Did you know you can use tools and skills you already have to produce higher quality graphics for your presentations, without paying for or learning expensive image editing programs?

This is part of a series of cheap tricks. Each post in this series will be a short tip to accomplish tasks quickly using what you already have.  You don’t need to be a techie to appreciate these, it doesn’t even matter what version of Windows you have. In fact, these tips will even work on tablets running Windows RT.

Today’s tip creates a spotlight effect on a graphic, which provides more focus on the intended subject of the graphic by softening distractions.  Here’s an example from my earlier blog post, which highlights where you can watch a movie found on bing.  Instead of just drawing a box, I use a spotlight effect.

Two methods of creating instructional design.
Which would you prefer in your marketing/training/presentation materials?


This special spotlight effect is very easy to reproduce using Microsoft Office.  You can do this in any Office program, and today I’ll use PowerPoint because it provides a blank canvass with no limitations like paper size or text margins.  Here’s how:

  1. Start a new blank PowerPoint file, and delete the template (“type your title here”) text.
    A new PowerPoint document with template "click to add title" text highlighted.
    Delete the template text so you have a nice clean canvas.


  2. Take a screenshot and paste it into PowerPoint twice.  I used Alt-PrintScreen, which limited my screenshot to my active window, the Bing webpage.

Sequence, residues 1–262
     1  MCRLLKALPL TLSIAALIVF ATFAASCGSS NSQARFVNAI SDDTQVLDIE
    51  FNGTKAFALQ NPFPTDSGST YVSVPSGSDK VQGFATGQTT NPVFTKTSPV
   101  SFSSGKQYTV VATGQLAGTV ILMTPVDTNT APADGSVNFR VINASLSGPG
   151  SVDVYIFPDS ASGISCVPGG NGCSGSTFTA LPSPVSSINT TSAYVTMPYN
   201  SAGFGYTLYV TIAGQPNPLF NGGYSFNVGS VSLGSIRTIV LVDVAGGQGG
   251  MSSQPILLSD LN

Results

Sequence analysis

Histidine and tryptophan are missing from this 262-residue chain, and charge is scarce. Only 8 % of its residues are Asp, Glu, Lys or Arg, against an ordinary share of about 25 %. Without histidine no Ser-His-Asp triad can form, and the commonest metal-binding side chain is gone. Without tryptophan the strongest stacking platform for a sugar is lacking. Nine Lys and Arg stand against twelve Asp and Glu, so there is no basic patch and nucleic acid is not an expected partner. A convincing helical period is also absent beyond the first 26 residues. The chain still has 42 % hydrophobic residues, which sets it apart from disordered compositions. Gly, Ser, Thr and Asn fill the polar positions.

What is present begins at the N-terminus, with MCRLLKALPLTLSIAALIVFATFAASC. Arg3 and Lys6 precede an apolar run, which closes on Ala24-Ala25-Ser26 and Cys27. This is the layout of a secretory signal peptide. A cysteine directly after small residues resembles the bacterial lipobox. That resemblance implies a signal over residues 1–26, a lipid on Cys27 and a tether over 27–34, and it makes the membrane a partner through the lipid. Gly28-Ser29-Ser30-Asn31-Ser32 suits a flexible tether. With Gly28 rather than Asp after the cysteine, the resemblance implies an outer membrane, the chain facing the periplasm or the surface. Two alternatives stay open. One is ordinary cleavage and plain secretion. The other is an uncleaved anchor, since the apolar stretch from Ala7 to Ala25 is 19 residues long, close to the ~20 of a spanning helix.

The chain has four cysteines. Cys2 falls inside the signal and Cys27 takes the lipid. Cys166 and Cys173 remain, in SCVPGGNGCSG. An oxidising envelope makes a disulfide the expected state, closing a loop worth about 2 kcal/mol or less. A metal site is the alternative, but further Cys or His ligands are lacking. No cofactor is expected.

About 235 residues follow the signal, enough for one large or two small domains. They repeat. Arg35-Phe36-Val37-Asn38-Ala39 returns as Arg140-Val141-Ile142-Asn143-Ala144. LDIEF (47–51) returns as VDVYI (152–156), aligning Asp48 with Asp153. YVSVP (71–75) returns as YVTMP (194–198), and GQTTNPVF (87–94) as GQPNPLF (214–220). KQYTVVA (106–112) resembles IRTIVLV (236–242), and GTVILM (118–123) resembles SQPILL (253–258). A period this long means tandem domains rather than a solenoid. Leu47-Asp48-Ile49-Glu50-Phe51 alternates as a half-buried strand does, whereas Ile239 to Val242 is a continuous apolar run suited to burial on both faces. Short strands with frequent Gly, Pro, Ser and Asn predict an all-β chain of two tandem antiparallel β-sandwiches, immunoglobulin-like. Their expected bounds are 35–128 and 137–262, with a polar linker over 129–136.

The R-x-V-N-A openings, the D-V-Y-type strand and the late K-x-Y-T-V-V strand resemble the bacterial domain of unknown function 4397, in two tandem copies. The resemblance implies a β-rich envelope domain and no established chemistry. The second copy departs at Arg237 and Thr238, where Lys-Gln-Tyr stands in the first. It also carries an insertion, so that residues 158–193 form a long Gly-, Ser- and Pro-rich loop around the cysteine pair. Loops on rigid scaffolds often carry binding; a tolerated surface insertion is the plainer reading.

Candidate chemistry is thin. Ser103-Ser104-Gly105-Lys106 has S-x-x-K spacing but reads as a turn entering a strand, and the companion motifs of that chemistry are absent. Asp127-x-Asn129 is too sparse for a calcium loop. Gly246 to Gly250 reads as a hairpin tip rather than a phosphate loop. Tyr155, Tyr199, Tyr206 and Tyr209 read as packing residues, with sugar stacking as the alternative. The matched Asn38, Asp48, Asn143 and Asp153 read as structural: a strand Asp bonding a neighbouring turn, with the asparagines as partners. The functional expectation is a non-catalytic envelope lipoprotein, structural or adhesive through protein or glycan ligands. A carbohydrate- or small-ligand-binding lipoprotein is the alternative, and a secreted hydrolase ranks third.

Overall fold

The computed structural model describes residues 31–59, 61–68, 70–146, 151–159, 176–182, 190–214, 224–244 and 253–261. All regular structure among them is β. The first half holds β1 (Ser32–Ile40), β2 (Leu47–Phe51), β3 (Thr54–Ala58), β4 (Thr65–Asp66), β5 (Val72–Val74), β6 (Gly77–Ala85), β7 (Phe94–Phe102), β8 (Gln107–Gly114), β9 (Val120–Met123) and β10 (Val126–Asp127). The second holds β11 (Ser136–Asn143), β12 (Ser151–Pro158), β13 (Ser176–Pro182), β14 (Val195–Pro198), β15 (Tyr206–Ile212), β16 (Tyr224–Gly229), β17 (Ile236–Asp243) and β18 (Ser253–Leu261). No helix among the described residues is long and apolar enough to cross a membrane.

Screenshot pasted into PowerPoint twice
    Paste your image in twice, and line them up on top of each other.


  3. Position both screenshots directly on top of each other.  To align them easily, snap them both into a corner of the canvas (they’ll pop into place).
  4. Crop the front image.  Click the image on top, then choose Crop on the image toolbar.  Crop it down to the area you want to highlight.
    PowerPoint cropping the image.
    Crop the image down to the area you’re highlighting.


  5. De-emphasize the back image.  Adjust the image in back so your front (cropped) image stands out.  I made the back image darker from the Corrections menu, but you could also make it blurry or choose other options from the Artistic Effects menu.
    With the back image darkened, the small (front) cropped image really stands out.
    With the back image darkened, the small (front) cropped image really stands out.


  6. A little finishing touch.  With the small (front) cropped image selected, try some other effects.  You could add a shadow, make edges glow, or my favorite, soften the edges for a spotlight effect.
    A little touch to the small front image makes a professional soft edge.
    A little touch to the small front image makes a professional soft edge.


  7. Use it.  Press Ctrl-A to select both pictures together, then right-click and “save picture” to create a final image file that you can use online or in any document/email.

This same trick can also be used to create a blur over an area you want obscured in an image:

Censored Outlook inbox view.
Censored Outlook inbox view.